Sunday we attended the beautiful Easter services at the church in Columbia. We sang all the beautiful He's Risen hymns and heard again the wonderful message that He is risen indeed! Our Easter dinner was a 6 inch sub from Subway! Then we headed to the National Zoo to see the panda bears. The newest baby is now 125 pounds, so not so small anymore, but they are hoping for another. The mama had just undergone a "procedure" and they are hoping they will have another baby. The zoo is very nice and is free!

This brings you almost up to date. Hubby is not happy with the library computer as it keeps locking him out, so he went out to the truck. I will end here and hopefully will find a wireless connection soon so I can use my own computer and post some pictures. Stay tuned for the continuing adventures of two retirees who are lovin' it!

Wednesday, April 04, 2007


We have been down south where it was quite warm, upper 80's, for the past couple of weeks. That has all come to a screeching halt and they are forecasting lows in the lower 20's later this week. We live in an RV, remember, and will need to be concerned about freezing pipes. What a difference a day or two makes!

On Monday we left Seymour Johnson AFB in North Carolina and neaded north to Fort Hill near Bowling Green, Virginia. It was a small campground on a huge, hilly, tree covered, training base. We spent two quiet nights there. The town of Bowling Green was a picturesque little place, again full of history. Lafayette and men camped in the town square in 1781, and a nearby farm was the hiding place of John Booth after he fled Washington.

We left Fort Hill this morning, and are now parked at Fort Meade, Maryland, between Washington and Baltimore. The plan is to head out in the morning to see if we can master the Metro.

We are online tonight via an RVer's satellite system. He lets fellow travelers use his wireless hotspot, so we're checking email and blogs from our RV. Much more comfortable on this cold, windy night, than having to run off to the library or to the rec center.

Sunday, April 01, 2007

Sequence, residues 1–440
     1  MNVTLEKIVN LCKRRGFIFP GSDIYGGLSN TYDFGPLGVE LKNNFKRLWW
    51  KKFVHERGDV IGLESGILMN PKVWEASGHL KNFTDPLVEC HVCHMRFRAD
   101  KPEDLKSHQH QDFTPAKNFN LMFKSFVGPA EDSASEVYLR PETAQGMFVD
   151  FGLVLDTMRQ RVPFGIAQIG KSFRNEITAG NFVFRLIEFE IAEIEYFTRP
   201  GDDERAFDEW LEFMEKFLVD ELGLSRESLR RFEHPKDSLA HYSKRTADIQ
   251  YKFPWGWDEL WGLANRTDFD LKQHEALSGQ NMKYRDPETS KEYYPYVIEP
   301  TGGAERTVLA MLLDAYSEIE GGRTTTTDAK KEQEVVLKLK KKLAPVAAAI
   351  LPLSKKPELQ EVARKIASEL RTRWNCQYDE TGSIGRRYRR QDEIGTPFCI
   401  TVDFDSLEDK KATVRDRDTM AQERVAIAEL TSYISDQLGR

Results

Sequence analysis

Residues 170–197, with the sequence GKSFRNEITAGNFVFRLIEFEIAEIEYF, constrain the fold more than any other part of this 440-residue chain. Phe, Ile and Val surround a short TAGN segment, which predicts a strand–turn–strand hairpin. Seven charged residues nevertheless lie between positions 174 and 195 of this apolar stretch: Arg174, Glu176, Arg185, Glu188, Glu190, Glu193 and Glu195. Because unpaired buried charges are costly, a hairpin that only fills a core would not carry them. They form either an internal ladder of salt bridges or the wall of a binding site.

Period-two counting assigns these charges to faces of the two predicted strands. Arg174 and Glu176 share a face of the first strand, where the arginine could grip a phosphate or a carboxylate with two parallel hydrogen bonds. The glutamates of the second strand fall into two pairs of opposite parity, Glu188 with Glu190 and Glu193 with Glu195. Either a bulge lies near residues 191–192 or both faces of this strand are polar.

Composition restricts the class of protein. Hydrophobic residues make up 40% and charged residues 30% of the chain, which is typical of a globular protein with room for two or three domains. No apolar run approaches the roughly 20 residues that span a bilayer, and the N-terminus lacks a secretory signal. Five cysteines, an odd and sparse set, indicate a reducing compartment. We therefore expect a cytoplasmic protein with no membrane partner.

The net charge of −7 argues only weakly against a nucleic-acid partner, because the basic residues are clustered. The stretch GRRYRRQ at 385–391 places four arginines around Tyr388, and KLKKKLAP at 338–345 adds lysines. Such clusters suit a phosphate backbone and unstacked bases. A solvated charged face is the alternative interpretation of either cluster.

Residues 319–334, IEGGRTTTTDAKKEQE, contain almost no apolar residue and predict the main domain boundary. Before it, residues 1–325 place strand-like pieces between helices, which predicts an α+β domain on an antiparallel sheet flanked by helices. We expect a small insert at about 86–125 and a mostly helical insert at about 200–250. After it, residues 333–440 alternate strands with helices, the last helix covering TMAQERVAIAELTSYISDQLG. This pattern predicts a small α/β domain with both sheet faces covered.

We have spent a pleasant half week in North Carolina. Willmington was very nice. We visited a wonderful antebellum mansion there and took a horse drawn carriage ride through the historic part of the city. There are hundreds of Civil War era homes there, all beautifully restored to their historical look on the outside, but filled with families living in them with today's modern furnishings. I think that's neat. The outside look is totally authentic, thus giving pleasure to the visitor's eyes. I'll post pictures of a couple of those homes.

You could see that the people took a lot of pride in their homes, as the paint jobs were fresh, the porches nicely decorated with my favorite rocking chairs and plants, and the yards were blooming with many kinds of spring flowers, azaleas being the favorite, it seems.

The carriage ride around the historic section was very interesting. All the horses that work for this company are rescued horses! Horses that couldn't be trained to do farm work properly are bought by this company and are patiently trained to pull a carriage with up to a dozen folks perched high up in their seats on the carriage. The horses seemed very at home in the hustle and bustle of the traffic, as cars, buses, huge SUVs and vehicles of every size and shape rushed by and they didn't blink an eye or take one mis-step. I was very impressed with the horses and the driver. He had exceptional knowledge of his city and the dates and occupants of the homes rolled off his tongue effortlessly. It was great fun.

This morning we attended services at a small LC-MS church that we found listed in the phone book, one of only 3 Lutheran churches in the city we're staying in. It was a very tiny church, probably only about 30-35 folks in attendance this morning, but, as usual, we found a connection. Seems the pastor's daughter is considering attending college guessed it!.....the college that hubby and I just retired from! I find it amazing that we are always able to find a connection somehow. It was a beautiful Palm Sunday service, and as always, I left refreshed and better equiped to face the world for another week.